Bend forward slightly. Clasp hands around the left knee and hug it to your chest. Hold stretch for 15 seconds. Keeping hands around the knee, slowly let it down. Alternate legs. Repeat 10 times.
6. Forward Flex
With both feet on the floor and stomach held in, slowly bend forward and walk your hands down the front of your legs toward your ankles. Hold stretch for 15 seconds and slowly sit back up.
7. Shoulder Roll
Hunch shoulders forward, then upward, then backward, and downward, using a gentle circular motion.
The benefits of most recommended precautionary measures in travelers at particular risk for Deep Vein Thrombosis are unproven and some might even result in harm. Additional and further study to identify effective preventive measures are ongoing. However there are a number of recommendations including general advice for passengers including;
Moving around the cabin during long flights helps to reduce any period of prolonged immobility, although this may not always be possible. Furthermore any potential health benefits must be balanced against the risk of injury if the aircraft were to experience sudden turbulence. A regular trip to the bathroom, e.g. every 2–3 h, is considered to be a reasonable measure.
Many airlines provide helpful advice on exercises that can be carried out in the seat during flight. Exercise of the calf muscles can stimulate the circulation, alleviate discomfort, fatigue and stiffness, and may reduce the risk of developing DVT.
Hand luggage should not be placed where it restricts movement of the legs and feet, and clothing should be loose and comfortable.
In view of the clear risk of significant side effects and absence of clear evidence of benefit, passengers are advised not to use aspirin specifically for the prevention of travel related DVT.
Travelers at greatest risk of developing DVT may be prescribed specific treatments and should consult their doctor for further advice.
Anticoagulation is often called thinning the blood. Medicines which work in this way are called anticoagulants. However they do not actually thin the blood they alter certain chemicals in the blood to stop clots forming so easily. Anticoagulants do not dissolve the clot. Anticoagulation prevents a DVT from getting larger and prevents any new clots from forming. The body's own healing mechanisms can then get to work to break up the clot.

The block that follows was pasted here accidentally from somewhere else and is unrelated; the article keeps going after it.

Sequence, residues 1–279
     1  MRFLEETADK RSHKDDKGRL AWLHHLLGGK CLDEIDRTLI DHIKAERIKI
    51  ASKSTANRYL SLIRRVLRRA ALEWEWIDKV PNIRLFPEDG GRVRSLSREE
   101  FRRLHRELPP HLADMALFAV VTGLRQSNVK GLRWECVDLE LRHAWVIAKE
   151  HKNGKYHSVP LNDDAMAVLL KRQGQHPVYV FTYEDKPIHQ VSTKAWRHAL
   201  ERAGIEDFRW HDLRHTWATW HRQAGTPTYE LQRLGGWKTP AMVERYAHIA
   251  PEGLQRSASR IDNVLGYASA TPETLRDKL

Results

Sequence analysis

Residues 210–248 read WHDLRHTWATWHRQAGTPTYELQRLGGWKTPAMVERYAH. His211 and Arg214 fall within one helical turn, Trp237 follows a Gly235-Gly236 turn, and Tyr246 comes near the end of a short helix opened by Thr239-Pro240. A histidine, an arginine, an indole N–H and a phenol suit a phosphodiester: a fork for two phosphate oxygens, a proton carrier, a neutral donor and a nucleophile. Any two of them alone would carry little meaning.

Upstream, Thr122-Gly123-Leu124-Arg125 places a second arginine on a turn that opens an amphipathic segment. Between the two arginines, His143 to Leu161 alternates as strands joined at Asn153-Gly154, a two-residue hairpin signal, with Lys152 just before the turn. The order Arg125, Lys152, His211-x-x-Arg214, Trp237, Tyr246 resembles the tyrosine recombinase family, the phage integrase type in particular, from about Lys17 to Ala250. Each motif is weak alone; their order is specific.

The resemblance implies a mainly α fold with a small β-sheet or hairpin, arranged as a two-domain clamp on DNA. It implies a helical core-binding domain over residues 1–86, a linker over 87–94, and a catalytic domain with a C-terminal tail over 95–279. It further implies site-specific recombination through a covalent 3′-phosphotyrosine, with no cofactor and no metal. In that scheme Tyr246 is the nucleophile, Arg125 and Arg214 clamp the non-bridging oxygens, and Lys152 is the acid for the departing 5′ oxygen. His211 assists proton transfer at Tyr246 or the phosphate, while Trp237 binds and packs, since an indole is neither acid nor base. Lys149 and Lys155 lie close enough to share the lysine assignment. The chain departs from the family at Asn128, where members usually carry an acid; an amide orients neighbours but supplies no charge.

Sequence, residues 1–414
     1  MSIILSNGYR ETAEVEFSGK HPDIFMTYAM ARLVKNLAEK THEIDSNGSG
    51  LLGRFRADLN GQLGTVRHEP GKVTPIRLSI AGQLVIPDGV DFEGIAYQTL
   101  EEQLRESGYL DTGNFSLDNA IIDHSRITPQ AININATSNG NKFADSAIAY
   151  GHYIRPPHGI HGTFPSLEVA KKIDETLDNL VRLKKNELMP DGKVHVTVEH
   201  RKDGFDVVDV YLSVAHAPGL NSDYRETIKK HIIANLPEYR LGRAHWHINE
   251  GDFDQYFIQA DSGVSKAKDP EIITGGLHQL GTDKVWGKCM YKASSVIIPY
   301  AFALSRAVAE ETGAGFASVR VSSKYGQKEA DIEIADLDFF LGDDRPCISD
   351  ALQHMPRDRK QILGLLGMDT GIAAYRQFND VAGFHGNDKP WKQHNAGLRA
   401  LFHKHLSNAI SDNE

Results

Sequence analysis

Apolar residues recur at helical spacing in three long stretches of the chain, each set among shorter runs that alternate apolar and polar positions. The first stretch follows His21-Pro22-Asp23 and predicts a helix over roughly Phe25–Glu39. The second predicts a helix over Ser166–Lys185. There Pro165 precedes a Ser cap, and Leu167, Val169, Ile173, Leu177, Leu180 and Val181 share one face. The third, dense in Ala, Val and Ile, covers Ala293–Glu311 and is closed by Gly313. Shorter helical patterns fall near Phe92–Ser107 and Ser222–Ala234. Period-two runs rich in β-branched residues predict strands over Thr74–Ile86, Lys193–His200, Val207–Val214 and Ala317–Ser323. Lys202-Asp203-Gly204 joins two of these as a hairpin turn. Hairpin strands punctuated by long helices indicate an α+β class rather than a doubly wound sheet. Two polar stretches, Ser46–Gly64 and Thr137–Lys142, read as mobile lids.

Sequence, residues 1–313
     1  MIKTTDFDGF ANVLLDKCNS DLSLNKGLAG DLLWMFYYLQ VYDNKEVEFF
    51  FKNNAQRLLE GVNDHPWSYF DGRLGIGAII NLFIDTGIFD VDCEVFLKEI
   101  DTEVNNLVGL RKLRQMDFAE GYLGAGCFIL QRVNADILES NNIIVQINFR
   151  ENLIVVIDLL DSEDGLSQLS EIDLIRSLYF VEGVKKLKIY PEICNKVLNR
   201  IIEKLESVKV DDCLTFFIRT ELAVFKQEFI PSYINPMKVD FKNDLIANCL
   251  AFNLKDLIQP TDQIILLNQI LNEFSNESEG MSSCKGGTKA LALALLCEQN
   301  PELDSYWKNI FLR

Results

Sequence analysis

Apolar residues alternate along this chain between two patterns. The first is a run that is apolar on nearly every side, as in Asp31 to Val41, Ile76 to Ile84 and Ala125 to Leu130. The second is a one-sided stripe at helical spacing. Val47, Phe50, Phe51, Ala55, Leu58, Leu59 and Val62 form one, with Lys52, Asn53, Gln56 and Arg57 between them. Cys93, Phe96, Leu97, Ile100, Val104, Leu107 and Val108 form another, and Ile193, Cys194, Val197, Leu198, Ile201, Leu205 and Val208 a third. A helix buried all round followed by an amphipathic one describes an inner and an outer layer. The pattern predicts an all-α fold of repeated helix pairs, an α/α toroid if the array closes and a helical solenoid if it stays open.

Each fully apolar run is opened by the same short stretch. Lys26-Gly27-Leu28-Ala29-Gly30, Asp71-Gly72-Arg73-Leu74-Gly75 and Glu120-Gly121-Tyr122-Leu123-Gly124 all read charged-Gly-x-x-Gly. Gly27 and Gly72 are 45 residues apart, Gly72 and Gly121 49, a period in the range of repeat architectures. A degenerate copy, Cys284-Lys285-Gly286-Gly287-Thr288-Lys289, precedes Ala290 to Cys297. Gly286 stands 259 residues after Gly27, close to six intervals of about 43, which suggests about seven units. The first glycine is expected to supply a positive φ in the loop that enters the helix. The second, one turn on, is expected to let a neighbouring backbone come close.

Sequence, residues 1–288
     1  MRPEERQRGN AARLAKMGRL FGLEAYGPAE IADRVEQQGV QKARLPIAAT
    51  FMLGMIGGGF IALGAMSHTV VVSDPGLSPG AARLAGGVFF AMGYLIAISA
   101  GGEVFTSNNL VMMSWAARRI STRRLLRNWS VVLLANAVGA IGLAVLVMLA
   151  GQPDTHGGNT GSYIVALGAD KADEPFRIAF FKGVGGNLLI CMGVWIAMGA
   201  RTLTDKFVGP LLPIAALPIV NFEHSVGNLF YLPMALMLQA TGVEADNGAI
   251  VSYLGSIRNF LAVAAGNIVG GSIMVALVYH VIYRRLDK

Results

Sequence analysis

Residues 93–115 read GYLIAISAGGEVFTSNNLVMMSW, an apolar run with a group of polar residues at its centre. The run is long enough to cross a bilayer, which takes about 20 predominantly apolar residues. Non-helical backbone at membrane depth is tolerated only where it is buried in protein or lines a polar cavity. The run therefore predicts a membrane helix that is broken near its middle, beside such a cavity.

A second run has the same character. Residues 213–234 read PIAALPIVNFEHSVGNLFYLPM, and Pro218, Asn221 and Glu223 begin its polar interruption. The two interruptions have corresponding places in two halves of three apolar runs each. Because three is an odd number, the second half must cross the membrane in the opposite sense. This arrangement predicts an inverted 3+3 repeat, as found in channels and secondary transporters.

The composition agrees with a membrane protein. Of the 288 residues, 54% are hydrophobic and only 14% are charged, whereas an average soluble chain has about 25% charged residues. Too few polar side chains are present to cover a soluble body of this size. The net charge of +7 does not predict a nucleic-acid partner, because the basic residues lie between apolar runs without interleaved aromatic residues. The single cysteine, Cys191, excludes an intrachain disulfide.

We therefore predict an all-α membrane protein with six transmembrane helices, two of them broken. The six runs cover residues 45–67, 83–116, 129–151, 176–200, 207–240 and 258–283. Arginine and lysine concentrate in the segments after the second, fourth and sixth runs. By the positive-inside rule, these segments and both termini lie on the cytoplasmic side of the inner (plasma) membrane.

If you have a DVT, you will usually need an anticoagulant medicine for at least three months however tablets may take a few days to start working properly, so normally a patient is given fast-acting injections for the first few days until the tablets are working properly. A serious embolus is rare if anticoagulation treatment has began during the early stages of contracting a DVT.
Injections used are usually given just under the skin (subcutaneously). The ones generally used are:
One of a number of heparin injections - dalteparin, enoxaparin or tinzaparin.
Once a DVT has been confirmed the patient will also be started on an anticoagulant tablet. The length of time a patient will be advised to take anticoagulation depends on various factors. Anticoagulation may be only required for a few months, however some people continue to have an increased risk of having a DVT. In this case, the anticoagulation treatment may be long term.
As a guide, for a DVT that happens below the knee, around three months of anticoagulant treatment is required. Some people at higher risk of another DVT may need longer than this. The length of time of anticoagulation varies from person to person. Your doctor or anticoagulant clinic will advise you how long your treatment will be for.